Wimbourne House

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Coordinates: 51°30′24.02″N 0°8′30.39″W / 51.5066722°N 0.1417750°W / 51.5066722; -0.1417750

Wimbourne House from Green Park

Wimbourne House (also known as Wimborne House or the William Kent House) is a historic townhouse at 22 Arlington Street in St James's, a district of the City of Westminster in central London, England. Designed in the Palladian style by William Kent, it was built between 1743 and 1754, being completed after the architect's death. It is a Grade II* listed building, and the west front overlooks Green Park. The building now houses special event rooms for the adjacent Ritz Hotel.[1]

History[edit]

Henry Pelham, Prime Minister between 1743 and 1754, hired William Kent to design the house located at 22 Arlington Street in two phases. The original construction began simultaneously with his elevation as prime minister[2] and continued even after the 1748 death of the architect Kent.[3] When Kent died, the work was completed by Stephen Wright.[4] In the 18th century, Arlington Street was not only fashionable but was known as the 'ministerial street'.[5] Pelham's neighbours included Robert Walpole at No. 5, Lord Tyrconnel, the Duchess of Norfolk and his enemy Lord Carteret, later Earl Granville. The decoration and construction of the house was completed in early 1754, but Pelham died suddenly on 6[6] March 1754.[7]

The house was then occupied by Granville Leveson-Gower, 2nd Earl Gower, who would later become Marquess of Stafford. Leveson-Gower resided at 22 Arlington while the house he was having built by architect Sir William Chambers was being completed, and he was followed by another Prime Minister, Augustus FitzRoy, 3rd Duke of Grafton.[6] In 1774, Henry Pelham-Clinton, Earl of Lincoln, took possession of his family's home and began renovations, which continued until his death in 1778.[8]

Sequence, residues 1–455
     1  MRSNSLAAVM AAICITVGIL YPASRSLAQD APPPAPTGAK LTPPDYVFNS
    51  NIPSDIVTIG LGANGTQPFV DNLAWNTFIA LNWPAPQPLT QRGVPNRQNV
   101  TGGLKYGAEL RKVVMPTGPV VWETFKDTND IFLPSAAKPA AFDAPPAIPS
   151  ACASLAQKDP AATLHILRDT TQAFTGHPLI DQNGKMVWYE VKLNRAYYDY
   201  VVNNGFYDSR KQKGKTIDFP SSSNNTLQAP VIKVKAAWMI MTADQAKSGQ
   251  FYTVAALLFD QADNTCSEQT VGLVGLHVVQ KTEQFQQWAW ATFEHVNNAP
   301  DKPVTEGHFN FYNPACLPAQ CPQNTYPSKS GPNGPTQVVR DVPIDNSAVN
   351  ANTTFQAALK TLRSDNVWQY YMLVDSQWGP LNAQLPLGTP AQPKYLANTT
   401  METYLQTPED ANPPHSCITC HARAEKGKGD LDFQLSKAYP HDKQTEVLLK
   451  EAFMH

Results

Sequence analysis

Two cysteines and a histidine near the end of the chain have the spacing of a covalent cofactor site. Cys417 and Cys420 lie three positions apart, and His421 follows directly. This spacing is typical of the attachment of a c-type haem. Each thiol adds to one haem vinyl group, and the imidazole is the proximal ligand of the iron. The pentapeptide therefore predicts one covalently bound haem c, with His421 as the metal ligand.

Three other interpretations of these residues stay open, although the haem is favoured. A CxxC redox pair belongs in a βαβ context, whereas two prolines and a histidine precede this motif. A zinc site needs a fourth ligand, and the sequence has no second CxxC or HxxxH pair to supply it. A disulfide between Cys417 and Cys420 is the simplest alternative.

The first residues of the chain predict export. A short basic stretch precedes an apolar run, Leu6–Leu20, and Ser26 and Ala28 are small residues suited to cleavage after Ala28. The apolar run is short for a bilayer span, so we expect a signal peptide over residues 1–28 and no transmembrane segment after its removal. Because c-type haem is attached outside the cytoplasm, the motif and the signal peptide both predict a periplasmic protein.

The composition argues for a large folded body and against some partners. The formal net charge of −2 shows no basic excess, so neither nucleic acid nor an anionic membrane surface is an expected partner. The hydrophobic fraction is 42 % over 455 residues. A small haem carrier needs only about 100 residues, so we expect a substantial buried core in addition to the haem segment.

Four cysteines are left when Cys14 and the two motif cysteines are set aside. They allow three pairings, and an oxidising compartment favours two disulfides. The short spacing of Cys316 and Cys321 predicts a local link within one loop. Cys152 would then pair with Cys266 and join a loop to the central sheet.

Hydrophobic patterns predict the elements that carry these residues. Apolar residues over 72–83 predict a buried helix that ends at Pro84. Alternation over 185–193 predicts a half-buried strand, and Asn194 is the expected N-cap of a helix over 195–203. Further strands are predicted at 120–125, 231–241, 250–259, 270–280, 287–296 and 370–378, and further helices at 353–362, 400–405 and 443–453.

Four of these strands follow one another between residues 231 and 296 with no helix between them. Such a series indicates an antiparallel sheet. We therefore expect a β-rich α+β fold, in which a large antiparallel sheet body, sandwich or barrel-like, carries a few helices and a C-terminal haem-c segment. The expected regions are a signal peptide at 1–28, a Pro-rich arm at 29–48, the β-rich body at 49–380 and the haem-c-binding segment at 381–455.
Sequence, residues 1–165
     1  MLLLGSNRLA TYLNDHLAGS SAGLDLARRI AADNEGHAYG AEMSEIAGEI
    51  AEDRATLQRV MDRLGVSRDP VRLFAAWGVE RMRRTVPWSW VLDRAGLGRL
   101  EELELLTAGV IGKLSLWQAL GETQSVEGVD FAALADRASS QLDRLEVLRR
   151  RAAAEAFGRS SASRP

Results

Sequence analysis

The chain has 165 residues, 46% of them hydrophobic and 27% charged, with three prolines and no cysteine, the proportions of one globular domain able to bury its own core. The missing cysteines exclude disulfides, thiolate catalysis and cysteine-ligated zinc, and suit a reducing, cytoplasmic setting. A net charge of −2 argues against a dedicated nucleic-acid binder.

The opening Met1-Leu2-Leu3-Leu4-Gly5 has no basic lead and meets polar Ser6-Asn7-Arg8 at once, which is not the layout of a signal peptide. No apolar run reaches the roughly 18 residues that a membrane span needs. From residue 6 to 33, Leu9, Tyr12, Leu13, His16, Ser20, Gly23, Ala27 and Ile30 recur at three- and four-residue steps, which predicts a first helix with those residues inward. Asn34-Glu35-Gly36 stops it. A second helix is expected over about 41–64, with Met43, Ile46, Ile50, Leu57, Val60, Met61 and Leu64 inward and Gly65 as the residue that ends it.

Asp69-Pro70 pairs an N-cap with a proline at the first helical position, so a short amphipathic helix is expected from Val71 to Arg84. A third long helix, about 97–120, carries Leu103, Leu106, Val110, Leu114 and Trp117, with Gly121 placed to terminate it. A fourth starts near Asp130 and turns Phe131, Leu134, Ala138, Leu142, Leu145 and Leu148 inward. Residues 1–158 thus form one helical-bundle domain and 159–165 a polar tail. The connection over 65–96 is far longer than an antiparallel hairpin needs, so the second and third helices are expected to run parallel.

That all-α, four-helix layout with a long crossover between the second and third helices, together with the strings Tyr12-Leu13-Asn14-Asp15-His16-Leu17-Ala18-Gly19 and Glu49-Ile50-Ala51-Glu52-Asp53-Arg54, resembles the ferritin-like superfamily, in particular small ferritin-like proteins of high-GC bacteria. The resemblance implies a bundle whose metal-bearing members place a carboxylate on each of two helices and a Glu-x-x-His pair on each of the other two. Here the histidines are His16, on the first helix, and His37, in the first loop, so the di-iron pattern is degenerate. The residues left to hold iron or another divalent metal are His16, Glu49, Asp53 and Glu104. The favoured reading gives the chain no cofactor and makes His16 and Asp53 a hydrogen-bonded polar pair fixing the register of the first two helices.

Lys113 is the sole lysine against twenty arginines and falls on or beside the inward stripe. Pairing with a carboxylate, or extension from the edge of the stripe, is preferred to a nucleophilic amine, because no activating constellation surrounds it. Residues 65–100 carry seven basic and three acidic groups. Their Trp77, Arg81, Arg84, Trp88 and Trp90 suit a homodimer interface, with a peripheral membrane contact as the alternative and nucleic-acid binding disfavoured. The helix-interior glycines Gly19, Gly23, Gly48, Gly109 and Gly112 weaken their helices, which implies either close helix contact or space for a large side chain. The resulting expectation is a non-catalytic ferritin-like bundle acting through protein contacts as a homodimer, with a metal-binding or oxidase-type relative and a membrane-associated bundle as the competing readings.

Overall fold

The first owner of the house known in the 19th century was John Jeffreys Pratt, Marquess Camden. In the year of his death, 1840, Marquess Camden sold the house to Major Henry Somerset, 7th Duke of Beaufort, who had served in the Peninsular War as an aide-de-camp to the Duke of Wellington.[9]

When the Duke of Beaufort bought the house, he renamed the house after his title, and during his residency, it was known as "Beaufort House." He hired architect Owen Jones, who had studied the Alhambra, to embellish the interiors and expended enormous sums refurbishing the interior of the house. Beaufort sold the house a year before he died to William Hamilton, 11th Duke of Hamilton.[9]

The 11th Duke of Hamilton purchased the house in 1852 and promptly renamed the structure "Hamilton House". He purchased the house for £60,000 and lavished more money on the house for approximately a decade, including installing iron firebacks with his coronet and motto. Upon his death, the house passed to his widow, who sold it via auction in 1867 to Sir Ivor Bertie Guest, who was engaged to Lady Cornelia Spencer-Churchill, daughter of the 7th Duke of Marlborough. In 1880, the title of Baron Wimborne was conveyed to Guest, who renamed the house as had been customary, to coincide with his title.[9]

Ballroom at Wimbourne House, circa 1908